John Crawford joined the National Guard in Florida as a means to a college education, trading six years of service for tuition at Florida State University. Recently married and just two credits shy of a BA in anthropology, Crawford got the call that led to his deployment in Iraq. He was still on his honeymoon.
In “The Last True Story I’ll Ever Tell,” Crawford’s stories, told in a voice at once raw and immediate vivid, chronicle the daily life of a young soldier in Iraq: the excitement, the horror, the anger, the tedium, the fear, the camaraderie. But all together, the stories gradually uncover something more: the transformation of a group of young men, innocents, into something entirely different.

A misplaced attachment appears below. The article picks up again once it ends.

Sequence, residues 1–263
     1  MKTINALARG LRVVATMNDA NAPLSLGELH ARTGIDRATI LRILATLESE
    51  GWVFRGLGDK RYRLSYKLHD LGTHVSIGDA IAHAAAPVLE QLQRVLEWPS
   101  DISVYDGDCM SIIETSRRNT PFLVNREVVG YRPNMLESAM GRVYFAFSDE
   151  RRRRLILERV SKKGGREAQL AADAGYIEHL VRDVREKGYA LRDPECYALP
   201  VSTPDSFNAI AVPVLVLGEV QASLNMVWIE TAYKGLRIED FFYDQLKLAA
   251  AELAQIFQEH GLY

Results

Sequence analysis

“The Last True Story I’ll Ever Tell” was published in the summer of 2005 and immediately entered The New York Times bestsellers list. The book began as a series of essays written while Crawford was still stationed in occupied Baghdad. James Frey, the acclaimed memoirist, has said, “It’s a heartbreaking and perversely beautiful book that should join ‘Catch-22’ and ‘The Things They Carried’ as this generation’s defining literary expression of men at war,” while Jon Stewart, host of “The Daily Show,” calls it “A tremendous book ... incredibly gripping and incredibly well-written.” Crawford currently lives in Florida, where he is writing and completing his degree. He no longer has any affiliation with the Army. Crawford’s latest book is “The Territorials: The History of the Territorial and Volunteer Forces of New Zealand.”